Northampton Financial Crisis – Shared Services Operation Part of the Problem?

We wrote on Tuesday about the problems at Northampton County Council, which has in effect run out of money to deliver all but essential services. The Council is blaming central government funding, but as we pointed out in the previous article, this is not a particularly “deprived” area, and there are serious questions to be asked about the competence and even the ethics behind certain actions that have been taken.

The council has pursued a strategy of setting up a range of quasi-independent organisations to deliver various services. Some are social enterprises, some are still council-owned, some are joint ventures. Some have failed already, including a social care venture. Another is LGSS – Local Government Shared Services, which delivers back-office shared services for Northampton, but also for Milton Keynes and Cambridgeshire councils.

Now there is nothing intrinsically wrong with this strategy; we have written previously for instance about the successful procurement shared service which Surrey and East Sussex set up, which has expanded into other services and other councils now as Orbis.  But there are various aspects of LGSS that look rather odd.

For this analysis, we have Andrew Rowson to thank again – we mentioned him in our first article and he has been digging through data and FOI (freedom of information) answers to piece together some concerns about LGSS. He found that the financial information being quoted by Northampton was very unreliable  – LGSS has no legal identity and no bank account, he claims, and does not appear to issue invoices for instance to the councils it works for, which seems odd. The suspicion is that LGSS has been used somehow to camouflage what is really going on with the finances.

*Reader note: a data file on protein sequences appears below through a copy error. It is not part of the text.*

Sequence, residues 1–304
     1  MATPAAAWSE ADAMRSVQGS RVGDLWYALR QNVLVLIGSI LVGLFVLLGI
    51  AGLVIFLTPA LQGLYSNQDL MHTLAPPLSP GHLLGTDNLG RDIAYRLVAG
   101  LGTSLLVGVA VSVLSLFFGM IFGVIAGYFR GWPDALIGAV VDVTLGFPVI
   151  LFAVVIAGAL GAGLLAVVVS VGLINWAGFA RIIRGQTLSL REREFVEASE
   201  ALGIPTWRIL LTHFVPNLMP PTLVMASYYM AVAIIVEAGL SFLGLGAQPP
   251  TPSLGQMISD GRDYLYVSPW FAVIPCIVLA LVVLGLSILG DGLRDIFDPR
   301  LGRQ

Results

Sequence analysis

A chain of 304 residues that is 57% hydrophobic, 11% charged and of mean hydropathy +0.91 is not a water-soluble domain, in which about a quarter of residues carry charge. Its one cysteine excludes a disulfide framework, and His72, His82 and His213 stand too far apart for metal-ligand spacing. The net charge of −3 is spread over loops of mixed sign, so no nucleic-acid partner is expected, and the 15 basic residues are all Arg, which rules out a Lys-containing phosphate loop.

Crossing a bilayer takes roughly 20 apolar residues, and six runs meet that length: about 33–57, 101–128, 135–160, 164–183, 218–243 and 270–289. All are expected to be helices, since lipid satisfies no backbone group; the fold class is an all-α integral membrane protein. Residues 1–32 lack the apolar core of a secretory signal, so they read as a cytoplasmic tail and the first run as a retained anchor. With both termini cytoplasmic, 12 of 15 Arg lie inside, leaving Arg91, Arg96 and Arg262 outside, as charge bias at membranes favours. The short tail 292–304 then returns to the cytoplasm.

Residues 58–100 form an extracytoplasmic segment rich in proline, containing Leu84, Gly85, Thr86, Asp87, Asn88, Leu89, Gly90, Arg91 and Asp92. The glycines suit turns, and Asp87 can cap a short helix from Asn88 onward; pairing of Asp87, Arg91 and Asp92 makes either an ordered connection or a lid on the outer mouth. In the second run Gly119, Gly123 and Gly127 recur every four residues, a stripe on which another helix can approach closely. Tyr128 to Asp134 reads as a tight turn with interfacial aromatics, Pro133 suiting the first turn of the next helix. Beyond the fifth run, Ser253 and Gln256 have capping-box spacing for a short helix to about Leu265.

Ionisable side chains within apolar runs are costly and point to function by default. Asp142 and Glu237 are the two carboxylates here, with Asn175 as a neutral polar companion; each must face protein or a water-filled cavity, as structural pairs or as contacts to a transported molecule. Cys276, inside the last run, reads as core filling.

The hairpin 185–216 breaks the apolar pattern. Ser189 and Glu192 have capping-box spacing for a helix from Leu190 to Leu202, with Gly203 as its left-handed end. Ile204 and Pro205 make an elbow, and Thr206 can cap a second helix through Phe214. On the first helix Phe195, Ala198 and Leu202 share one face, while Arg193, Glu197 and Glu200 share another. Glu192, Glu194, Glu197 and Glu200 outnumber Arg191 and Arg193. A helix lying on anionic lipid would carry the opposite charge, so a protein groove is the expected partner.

There are also operational concerns about the organisation. A major Agresso Unit4 systems implementation – a shared ERP system for the three councils - appears to be at least a year behind schedule, and future benefits from the programme have been re-stated upwards in an attempt to make the business case still stack up despite the higher costs. That’s always a warning sign of a programme in trouble, in our experience!

New ERP systems implementations, particularly with a new tech provider, are rarely simple, and an implementation across three councils seems fraught with inherent difficulties. Has LGSS bitten off more than it can chew?  Council minutes say “In June 2017 the forecast total cost of the programme through to the October 2017 was £7.138m. As a result of the further rescheduling, the latest forecast of the total costs of the programme taking it to April 2018 is £8.709m”.

An external review of the programme by Agilisys also suggested some major failings.

“… plans and related documentation that exist are inadequate to manage a programme that with the addition of Milton Keynes Council joining the programme subsequently became more complex”

“… LGSS does not currently have an adequate overarching programme plan…”

“…it is difficult to see how the programme will go-live in April 2018 with a high degree of certainty at this stage”.

Rowson also uncovered a case where a senior executive in LGSS took redundancy, then was immediately re-engaged (for a long-term assignment) on a generous daily rate. LGSS spent over £200,000 on her services over 13 months; yet there was no competitive process for her appointment, there would seem to be some IR35 questions too, and the whole way in which redundancy was followed by re-employment smacks of dubious practice. LGSS also had to make a “pension strain” payment of over £200K to the local government pensions scheme because she took her pension sooner than expected, according to Rowson.

This individual’s role also seems to be involved with the late-running systems programme too, just to compound the whole situation! All of this seems to suggest that at the very least, LGSS has not been a well-run organisation that cared as much as it should about public money. So assuming the work is done properly, then the investigation into Northamptonshire ordered by local government minister Sajid Javid should make interesting reading.

And some late news – a Northamptonshire MP, Philip Hollobone, raised a question in parliament this week, which included this comment – “May I urge the inspector to look at the opaque accountancy in the local government shared services model at the county council, which is where a lot of the problems may lie?”

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